State Regulation of Investment Advisors
At one time all U.S.-based investment adviser firms were required to register with the federal Securities and Exchange Commission (SEC). The National Securities Markets Improvement Act has since turned over much of this regulatory authority to the states. Individual states now have primary regulatory responsibility for investment adviser firms with less than $25 million in assets under management. This includes the majority of investment advisors and financial planners. Although many of these smaller advisors and planners are competent and trustworthy, some take advantage of investors, despite the best efforts of state agencies.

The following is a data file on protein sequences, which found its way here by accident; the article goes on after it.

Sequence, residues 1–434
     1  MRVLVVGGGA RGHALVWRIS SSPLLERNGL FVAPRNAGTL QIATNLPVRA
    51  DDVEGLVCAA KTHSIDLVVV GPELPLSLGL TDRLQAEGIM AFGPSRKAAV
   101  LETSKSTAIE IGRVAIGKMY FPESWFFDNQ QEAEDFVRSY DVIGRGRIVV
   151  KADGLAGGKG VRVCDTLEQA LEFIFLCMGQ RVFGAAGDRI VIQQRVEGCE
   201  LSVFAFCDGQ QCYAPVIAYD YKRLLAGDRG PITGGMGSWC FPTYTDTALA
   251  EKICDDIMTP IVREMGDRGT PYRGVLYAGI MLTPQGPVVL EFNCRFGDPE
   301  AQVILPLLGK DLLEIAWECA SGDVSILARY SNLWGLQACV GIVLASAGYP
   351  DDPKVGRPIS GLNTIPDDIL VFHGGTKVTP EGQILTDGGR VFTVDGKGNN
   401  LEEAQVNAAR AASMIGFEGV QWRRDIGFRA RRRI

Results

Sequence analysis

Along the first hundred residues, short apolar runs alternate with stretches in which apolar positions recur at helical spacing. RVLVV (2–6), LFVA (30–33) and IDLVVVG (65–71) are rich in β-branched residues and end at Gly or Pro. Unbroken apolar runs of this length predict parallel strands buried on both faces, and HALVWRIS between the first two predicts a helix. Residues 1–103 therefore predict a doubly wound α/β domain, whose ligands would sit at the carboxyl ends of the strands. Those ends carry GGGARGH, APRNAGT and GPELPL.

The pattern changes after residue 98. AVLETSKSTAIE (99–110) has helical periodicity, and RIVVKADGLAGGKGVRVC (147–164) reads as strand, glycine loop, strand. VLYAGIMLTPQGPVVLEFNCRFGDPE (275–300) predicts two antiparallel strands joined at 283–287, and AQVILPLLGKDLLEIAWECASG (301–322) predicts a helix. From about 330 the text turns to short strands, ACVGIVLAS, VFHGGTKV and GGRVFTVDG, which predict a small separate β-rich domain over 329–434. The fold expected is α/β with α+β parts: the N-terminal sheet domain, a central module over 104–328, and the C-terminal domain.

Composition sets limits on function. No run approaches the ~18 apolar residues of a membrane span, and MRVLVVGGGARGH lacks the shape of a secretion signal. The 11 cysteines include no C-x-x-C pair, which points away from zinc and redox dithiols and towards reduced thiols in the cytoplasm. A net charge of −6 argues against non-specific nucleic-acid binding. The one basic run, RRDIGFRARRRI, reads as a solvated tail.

State regulatory agencies typically review applicant records history and financial stability prior to allowing investment advisors to conduct business. They also generally require investment advisors to pass an examination, undergo background checks, renew their registration annually, and report changes in their businesses or addresses promptly.
Most investors interact with brokerage firms through an investment adviser representative or salesperson. Although the SEC does not require licensing of these people, many states do. Some agencies also conduct unannounced examinations of small investment advisors at their offices.
Despite the best efforts of overworked regulatory personnel, investors are sometimes defrauded. If you have been defrauded or cheated, do not count on the regulatory agencies to recover your money. They usually have other things on their agenda, such as shutting down the bad brokerage firms. To get your money back, take legal action against brokers and contact a competent securities attorney.